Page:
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synapsids vs. diapsids?
To Sean. The "holes" referred to are the temporal fenestrae, of which the
synapsids have one on each side (being bilaterally symmetrical) and diapsids
have two one each side (at least primitively). All are posterior to the orbit
and represent an innovation in comparison with the skulls of "amphibian"
ancestors in which the space from which the temporal musculature of the jaws
originate is completely enclosed by the dermal bones of the skull. The single
opening on each side of the skull of synapsids is in an anatomically similar
position to the lower of the two openings on each side of the diapsid skull.
the functional significance of the openings may be similar in both cases but may
have more to do with lines of action of the muscles and stresses or the lack
thereof on the supporting skeletal elements than with the bulging of muscles
contraction. Possibly temporal fenestrae are a response to increasing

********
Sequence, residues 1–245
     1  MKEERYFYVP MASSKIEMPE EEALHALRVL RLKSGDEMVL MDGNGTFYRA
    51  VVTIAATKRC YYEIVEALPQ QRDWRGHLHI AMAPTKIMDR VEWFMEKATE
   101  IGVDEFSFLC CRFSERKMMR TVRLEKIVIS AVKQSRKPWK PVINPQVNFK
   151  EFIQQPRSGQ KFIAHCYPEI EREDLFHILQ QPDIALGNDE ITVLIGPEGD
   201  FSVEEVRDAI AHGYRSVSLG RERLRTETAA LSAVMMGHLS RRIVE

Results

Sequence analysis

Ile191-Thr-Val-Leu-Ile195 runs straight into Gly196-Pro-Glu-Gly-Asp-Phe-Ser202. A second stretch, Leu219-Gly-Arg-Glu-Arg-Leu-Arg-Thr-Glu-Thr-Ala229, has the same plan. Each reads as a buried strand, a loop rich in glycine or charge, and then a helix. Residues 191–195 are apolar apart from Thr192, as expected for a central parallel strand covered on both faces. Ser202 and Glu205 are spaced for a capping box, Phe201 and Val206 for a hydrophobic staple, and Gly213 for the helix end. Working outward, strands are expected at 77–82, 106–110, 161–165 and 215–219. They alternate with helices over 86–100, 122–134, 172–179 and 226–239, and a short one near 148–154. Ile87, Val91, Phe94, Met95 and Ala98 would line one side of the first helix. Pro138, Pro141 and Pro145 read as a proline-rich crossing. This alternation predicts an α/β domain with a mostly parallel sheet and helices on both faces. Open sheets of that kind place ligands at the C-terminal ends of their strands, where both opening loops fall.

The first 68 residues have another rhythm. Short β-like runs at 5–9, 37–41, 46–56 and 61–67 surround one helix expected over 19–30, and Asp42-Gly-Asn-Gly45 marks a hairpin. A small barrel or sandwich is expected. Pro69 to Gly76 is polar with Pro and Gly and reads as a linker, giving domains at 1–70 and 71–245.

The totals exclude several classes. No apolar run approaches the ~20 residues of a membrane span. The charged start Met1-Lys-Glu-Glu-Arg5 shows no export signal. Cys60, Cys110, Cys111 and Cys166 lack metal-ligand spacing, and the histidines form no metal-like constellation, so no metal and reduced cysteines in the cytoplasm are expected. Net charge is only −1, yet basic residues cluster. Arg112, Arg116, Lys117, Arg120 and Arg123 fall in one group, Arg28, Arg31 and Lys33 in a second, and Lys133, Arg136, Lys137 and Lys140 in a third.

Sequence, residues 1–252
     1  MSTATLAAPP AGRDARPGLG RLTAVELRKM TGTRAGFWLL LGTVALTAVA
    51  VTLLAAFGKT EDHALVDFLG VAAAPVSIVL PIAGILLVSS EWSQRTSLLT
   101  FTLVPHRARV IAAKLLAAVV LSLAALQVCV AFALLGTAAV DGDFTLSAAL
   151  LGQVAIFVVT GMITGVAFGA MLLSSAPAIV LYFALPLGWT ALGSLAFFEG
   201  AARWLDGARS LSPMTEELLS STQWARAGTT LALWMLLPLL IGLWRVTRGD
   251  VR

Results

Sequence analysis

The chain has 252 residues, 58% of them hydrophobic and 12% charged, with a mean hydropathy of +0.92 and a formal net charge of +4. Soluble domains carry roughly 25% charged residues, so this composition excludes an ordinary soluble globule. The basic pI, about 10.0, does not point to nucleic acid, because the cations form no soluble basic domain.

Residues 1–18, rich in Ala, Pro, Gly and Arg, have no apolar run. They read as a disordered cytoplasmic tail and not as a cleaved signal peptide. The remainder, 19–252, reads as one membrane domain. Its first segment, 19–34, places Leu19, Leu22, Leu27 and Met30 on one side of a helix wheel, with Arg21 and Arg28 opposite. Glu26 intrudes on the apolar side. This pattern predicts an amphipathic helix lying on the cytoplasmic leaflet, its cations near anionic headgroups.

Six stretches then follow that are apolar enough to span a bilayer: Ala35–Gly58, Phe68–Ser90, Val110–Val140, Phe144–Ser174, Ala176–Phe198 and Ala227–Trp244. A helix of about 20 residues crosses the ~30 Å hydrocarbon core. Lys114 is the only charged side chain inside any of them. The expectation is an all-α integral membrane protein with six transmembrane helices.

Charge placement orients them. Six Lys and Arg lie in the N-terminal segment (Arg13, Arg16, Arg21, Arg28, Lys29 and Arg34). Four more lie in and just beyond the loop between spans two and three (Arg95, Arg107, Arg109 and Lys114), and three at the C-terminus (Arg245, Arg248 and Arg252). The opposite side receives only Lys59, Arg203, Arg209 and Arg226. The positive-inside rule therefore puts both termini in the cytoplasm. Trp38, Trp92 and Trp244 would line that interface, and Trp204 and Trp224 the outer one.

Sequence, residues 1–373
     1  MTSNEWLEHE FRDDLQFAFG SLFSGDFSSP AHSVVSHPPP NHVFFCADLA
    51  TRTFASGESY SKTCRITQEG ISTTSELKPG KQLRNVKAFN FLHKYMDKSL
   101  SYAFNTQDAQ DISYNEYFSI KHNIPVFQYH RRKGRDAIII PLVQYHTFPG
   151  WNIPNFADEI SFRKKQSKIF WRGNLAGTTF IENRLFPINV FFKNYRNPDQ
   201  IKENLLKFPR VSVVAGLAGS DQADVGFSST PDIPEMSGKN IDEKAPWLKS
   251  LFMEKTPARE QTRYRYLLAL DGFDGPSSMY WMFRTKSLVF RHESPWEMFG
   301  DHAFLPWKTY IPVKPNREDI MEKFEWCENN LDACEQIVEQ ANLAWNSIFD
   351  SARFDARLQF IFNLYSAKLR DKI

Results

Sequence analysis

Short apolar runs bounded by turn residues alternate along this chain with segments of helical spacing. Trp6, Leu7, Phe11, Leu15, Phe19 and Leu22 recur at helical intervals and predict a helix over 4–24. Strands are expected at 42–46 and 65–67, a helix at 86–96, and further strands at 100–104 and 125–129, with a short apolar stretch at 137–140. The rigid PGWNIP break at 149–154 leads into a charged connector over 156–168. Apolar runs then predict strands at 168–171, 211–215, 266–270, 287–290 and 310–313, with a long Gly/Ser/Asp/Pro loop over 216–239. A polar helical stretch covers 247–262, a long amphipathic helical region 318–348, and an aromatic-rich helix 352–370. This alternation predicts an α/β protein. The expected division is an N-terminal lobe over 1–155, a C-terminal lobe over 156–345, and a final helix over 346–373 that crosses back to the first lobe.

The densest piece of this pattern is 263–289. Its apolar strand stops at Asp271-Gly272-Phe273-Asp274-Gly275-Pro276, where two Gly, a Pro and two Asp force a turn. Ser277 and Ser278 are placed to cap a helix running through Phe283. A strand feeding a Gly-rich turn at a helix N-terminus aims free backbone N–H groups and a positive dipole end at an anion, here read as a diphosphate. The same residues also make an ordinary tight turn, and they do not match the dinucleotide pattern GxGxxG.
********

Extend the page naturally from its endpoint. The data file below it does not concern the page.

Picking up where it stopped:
complexity of jaw function and musculature with the specific adaptation
varying from lineage to lineage. It seems unlikely to me that this difference
played a major role in preadaptation for increased brain size as the relatively
large-brained birds managed to evolve within the diapsid lineage. The
particular adaptive path followed by some synapsid lineages, possibly driven
by specialization of jaw function among other things did lead to the skull
architecture of mammals (changes in jaw structure and function are also
responsible for incorporation of some of the bones other vertebrates use to
make the jaw work into the ears of mammals.), but greatly increased cranial
capacity is a rather late development on this line. Unfortunately, I missed
that Paleoworld so I don't know what was said. I hope this helps.